Editor's note: The following is a correction and update to an article that ran in Saturday's Enterprise. The Enterprise regrets the error.
Chelsey Lizakowski, 22, of Lake George pleaded guilty to public nuisance, not overwork/mistreatment of animals as reported in the May 12 edition of the Enterprise.
Both charges are misdemeanors. The maximum penalty was $1,000 and/or 90 days in jail.
The public nuisance charge was in connection with barnyard waste leaving her property and flowing into a ditch along the west side of County Road 91 around Sept. 27, 2017.
According to the petition to enter a guilty plea, Lizakowski pleaded guilty to the public nuisance offense with the agreement that the charge of mistreatment of animals will be dismissed. As part of the plea agreement, a probation allegation for a 2016 charge of mistreatment of animals was also "withdrawn and the file closed since the probation period had expired."
Lizakowski was first charged with one count of mistreatment of animals, including deprivation of food and shelter, on April 6, 2016.
According to the statement of probable cause, the Animal Humane Society received "several complaints regarding the welfare of approximately 40-50 horses" on Lizakowski's property, near the intersection of U.S. 71 and County Road 91. Another complaint about the lack of shelter was received April 28, 2016.
An Animal Humane Society investigator and a Hubbard County sheriff's deputy visited the property on April 28, where it was observed there was one pole barn "which was full of equipment, hay and other debris thereby not available for protecting the horses." Four horses were observed to be underweight. The investigator warned a ranch hand that Lizakowski needed to construct an adequate shelter by June 6, 2016.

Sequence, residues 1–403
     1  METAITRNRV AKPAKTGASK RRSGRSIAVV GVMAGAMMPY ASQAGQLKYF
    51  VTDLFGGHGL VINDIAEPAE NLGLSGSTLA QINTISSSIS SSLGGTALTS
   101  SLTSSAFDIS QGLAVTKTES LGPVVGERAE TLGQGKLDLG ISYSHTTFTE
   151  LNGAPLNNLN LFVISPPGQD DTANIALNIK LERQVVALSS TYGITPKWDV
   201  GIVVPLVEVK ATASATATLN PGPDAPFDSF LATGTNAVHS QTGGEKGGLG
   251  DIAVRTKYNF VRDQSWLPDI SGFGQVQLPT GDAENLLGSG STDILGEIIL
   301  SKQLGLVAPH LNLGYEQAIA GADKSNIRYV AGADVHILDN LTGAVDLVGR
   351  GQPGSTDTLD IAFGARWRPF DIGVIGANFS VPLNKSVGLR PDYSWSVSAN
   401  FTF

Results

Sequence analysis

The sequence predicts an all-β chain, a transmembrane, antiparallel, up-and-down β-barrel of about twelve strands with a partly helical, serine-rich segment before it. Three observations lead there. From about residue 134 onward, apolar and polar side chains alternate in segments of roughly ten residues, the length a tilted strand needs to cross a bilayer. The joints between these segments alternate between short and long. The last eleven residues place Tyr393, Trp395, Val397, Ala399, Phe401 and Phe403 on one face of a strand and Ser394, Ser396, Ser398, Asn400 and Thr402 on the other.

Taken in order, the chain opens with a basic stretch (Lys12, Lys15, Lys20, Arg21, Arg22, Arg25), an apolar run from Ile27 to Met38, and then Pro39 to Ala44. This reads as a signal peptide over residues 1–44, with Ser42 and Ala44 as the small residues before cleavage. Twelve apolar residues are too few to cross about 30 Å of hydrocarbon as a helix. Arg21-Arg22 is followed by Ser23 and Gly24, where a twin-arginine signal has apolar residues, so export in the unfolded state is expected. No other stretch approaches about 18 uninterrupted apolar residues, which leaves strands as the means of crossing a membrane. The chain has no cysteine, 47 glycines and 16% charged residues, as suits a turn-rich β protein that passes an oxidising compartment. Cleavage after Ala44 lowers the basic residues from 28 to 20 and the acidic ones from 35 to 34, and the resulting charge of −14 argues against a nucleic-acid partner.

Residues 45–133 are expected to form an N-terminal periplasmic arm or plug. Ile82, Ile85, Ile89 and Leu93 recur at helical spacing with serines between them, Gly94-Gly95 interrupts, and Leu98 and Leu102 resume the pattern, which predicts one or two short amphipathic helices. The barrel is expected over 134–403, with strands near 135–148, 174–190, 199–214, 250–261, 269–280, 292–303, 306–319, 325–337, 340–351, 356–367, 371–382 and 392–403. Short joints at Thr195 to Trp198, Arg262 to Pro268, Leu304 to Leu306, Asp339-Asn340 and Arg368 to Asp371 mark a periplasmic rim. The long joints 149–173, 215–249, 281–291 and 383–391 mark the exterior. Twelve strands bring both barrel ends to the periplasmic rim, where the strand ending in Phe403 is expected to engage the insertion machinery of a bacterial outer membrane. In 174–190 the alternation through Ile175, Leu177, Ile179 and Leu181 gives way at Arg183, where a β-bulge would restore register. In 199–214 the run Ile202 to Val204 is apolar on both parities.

A Hubbard County sheriff's investigator returned on July 28, 2016, noting the only improvement was a small lean-to capable of providing limited shelter to two horses.
A search warrant was executed Aug. 11, 2016. Investigators confirmed that Lizakowski had "taken no action to provide adequate shelter for the large number of horses under her care."
On Aug. 28, 2016, a veterinarian met with Lizakowski and performed a check on all 40 horses. The vet used a Body Condition Scoring (BCS) to calculate each horse's heath. The score goes from 0 (being dead) to 9 (being perfect). The veterinarian noted any score below 4 is "unacceptable for a horse and is evidence of a lack of food, shelter and/or medical care." According to the statement, of the 40 horses analyzed, the vet gave 75 percent of them a BCA of less than 4.
The vet stated a 4- to 8-month-old Appaloosa had a BCS of 2 and "copious purulent discharge coming from both nostrils." A paint stud also had a body score of 2 and "a large open wound on his right hip." A sorrel paint, which had been pregnant earlier in the spring, had a BCA of 2.5.
According to the statement of probable cause, a check of Lizakowski's criminal history revealed she was charged 11 times from 2013 to 2014 in Marshall County, Minn. for misdemeanor offenses "involving horses getting out and being neglected." On Oct. 28, 2014, Lizakowski was ordered to own no horses in Marshall County for two years.
In Hubbard County, Lizakowski entered a guilty plea on Jan. 9, 2017, which the court noted but did not accept. Instead, she was granted a stay of adjudication for one year. She was placed on court-supervised probation from Jan. 18, 2017 through Jan. 18, 2018 under the conditions that she pay the $200 cost of prosecution, maintain adequate food and shelter for any animals under her care, allow law enforcement or Humane Society personnel onto her property to assure the animals were being properly cared for and remain law abiding. According to this plea agreement, if she complied with these conditions, the matter would be dismissed following the one-year term.